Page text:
My son didn’t kill his own grandmother, mother tells court
A MOTHER broke down in tears yesterday as she told a murder trial her son did not kill his grandmother.
Kathleen Kane, 64, was giving evidence at the trial of her son Garry Kane, 41, who is accused of murdering Kathleen Millward, 87, at her home in Stonehouse, Lanarkshire, on 3 January.
The trial at the High Court in Dumbarton heard how Garry Kane was asked to check on the pensioner by his concerned mother on the day she died and when he called back he was “extremely upset”.
Ms Kane sobbed as she said: “I wouldn’t lie for him or cover up for him because he’s my son. He wouldn’t touch my mother, he adored her.
“He’s always been there for her. I’m not saying he’s perfect, he has his problems.”
Ms Kane was asked by Gordon Jackson QC for the defence: “You can’t think of any reason why he would have done anything remotely like he’s been accused?”
She replied: “No, if I thought he had done that I would not cover up for him. I believe him. My heart tells me he didn’t do this.”
The QC added: “Garry’s position is that he came in and found her.”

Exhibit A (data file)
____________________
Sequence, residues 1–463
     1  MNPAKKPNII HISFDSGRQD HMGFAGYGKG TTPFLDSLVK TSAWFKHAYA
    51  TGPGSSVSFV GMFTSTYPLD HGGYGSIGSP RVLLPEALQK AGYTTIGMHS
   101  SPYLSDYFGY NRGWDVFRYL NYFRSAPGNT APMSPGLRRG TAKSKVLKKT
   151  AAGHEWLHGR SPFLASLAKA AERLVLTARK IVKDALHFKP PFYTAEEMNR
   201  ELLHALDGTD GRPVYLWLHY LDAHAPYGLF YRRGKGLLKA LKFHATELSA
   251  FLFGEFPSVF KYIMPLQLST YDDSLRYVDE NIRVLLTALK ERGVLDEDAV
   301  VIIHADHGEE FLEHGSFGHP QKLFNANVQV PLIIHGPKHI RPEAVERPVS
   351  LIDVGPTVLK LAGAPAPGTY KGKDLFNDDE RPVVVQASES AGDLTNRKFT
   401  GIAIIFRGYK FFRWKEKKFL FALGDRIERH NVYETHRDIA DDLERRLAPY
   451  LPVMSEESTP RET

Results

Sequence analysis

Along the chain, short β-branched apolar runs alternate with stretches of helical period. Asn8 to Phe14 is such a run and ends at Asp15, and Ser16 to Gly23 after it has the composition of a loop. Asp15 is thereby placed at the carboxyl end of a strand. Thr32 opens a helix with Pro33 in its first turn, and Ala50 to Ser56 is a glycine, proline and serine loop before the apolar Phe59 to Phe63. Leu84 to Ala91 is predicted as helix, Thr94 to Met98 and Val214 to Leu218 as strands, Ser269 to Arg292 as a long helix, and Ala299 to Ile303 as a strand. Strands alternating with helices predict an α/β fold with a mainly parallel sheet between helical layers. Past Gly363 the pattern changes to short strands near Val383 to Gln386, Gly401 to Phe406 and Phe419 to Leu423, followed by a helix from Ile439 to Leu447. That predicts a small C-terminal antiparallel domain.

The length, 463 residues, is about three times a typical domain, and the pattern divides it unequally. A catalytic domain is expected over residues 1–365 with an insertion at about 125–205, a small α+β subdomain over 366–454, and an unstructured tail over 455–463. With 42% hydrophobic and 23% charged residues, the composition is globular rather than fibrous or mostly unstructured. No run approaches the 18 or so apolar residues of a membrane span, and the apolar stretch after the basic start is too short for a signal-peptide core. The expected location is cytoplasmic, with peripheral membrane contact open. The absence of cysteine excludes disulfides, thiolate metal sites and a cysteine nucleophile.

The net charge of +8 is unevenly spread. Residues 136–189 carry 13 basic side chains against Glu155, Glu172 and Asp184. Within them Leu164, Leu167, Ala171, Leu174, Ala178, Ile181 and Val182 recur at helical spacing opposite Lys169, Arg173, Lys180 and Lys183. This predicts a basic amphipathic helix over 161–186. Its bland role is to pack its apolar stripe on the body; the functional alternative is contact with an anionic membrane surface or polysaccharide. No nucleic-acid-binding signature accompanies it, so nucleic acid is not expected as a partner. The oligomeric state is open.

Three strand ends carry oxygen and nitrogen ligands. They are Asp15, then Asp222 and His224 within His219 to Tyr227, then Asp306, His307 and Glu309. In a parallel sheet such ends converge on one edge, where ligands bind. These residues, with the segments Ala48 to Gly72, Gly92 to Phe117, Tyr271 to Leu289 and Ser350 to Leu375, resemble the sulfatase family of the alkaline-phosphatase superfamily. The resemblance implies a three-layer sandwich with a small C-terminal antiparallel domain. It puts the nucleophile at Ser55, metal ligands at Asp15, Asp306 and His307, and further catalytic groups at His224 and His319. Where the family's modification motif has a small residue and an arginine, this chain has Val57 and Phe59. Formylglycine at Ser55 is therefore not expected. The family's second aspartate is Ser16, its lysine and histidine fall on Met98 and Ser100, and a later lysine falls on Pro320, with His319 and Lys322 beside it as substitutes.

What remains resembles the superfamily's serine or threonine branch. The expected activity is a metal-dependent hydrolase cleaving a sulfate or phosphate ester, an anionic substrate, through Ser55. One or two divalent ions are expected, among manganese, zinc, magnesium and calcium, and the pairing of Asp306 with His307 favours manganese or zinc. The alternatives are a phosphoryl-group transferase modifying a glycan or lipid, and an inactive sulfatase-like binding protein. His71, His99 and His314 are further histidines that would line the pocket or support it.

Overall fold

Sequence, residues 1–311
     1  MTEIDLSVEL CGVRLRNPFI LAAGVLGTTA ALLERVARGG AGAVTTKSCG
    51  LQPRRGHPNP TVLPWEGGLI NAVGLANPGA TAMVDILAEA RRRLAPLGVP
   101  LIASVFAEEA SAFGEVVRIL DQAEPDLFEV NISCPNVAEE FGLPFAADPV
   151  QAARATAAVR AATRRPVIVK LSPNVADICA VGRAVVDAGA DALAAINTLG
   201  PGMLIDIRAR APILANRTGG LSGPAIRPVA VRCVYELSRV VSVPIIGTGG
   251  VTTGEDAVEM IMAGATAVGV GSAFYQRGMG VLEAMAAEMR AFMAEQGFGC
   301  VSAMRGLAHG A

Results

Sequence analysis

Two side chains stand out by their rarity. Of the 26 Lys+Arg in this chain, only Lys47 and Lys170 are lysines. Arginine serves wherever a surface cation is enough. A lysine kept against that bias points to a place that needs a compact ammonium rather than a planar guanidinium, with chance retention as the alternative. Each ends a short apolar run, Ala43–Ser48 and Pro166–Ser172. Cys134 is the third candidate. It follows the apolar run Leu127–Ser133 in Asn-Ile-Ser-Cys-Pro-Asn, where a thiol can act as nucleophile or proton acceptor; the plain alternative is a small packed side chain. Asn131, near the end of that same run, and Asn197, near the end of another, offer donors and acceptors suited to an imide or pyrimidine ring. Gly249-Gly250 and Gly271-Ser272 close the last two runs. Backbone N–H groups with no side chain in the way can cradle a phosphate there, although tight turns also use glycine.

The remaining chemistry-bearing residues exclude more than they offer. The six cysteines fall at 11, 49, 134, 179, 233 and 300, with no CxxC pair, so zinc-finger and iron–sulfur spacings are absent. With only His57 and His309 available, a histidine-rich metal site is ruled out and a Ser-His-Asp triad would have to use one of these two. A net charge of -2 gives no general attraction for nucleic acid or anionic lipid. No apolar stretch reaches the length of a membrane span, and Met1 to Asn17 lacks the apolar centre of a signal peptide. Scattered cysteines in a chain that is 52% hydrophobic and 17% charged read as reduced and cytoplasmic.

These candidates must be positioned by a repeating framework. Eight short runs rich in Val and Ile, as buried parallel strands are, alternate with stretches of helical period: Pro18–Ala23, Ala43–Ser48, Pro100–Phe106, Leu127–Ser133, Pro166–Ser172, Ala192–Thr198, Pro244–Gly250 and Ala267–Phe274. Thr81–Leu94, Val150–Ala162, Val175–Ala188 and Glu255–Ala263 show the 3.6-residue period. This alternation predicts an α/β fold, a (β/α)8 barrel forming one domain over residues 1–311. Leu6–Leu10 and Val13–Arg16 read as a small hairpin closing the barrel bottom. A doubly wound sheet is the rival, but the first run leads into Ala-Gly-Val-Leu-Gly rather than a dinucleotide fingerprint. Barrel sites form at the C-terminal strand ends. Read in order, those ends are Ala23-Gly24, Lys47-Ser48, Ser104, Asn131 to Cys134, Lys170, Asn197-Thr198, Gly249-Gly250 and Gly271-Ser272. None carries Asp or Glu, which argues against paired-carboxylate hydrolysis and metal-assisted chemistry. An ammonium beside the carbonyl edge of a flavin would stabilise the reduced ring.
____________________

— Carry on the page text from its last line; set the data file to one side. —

Ms Kane replied: “Yes.”
The court has already heard that Mrs Millward’s body was found in the kitchen of her home.
Ms Kane said that she got a phone call from her sister telling her that their mother was dead and she got in her car and drove over to the pensioner’s house.
She said her sister and brother-in-law were standing outside the house and her son was sitting on a chair in the bedroom.
She added: “He was really shaken and I knew right away he was in shock.
“He was very, very upset. He just kept saying, ‘My gran, my gran’.”
The jury was shown photographs of Mrs Millward’s immaculate home and told that in the last years of her life grandson Garry had moved into her home with her.
The court heard that Garry, who was addicted to heroin, had left home at 18 or 19 and served in the army and lived in England before coming home to Scotland in 2007.
Ms Kane said that her son was his grandmother’s favourite, which caused resentment with other relatives.
“Garry would never harm a hair on his gran’s head,” she said.
“He absolutely adored her. Whoever did this was callous to do this and walk away and leave her to die alone.”
Garry Kane denies all the charges.
The trial before judge Lord Matthews continues.
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